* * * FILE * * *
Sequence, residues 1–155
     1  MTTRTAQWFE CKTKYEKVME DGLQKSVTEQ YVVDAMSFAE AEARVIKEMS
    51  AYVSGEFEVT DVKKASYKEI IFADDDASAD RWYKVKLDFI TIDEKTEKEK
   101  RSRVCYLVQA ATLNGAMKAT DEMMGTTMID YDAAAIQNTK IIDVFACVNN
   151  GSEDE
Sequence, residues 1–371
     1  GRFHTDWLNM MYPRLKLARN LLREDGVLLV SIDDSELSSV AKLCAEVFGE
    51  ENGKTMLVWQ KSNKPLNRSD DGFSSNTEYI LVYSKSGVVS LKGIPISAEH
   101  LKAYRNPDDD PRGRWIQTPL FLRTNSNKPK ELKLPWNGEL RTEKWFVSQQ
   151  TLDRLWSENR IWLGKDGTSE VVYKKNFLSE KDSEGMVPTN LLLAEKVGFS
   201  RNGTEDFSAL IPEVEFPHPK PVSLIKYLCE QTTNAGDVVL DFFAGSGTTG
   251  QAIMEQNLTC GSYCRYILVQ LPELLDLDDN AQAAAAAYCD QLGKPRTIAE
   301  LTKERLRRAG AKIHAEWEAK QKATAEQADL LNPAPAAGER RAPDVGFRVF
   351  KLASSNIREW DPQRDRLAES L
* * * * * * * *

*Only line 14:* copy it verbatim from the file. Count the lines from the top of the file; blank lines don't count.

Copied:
   351  KLASSNIREW DPQRDRLAES L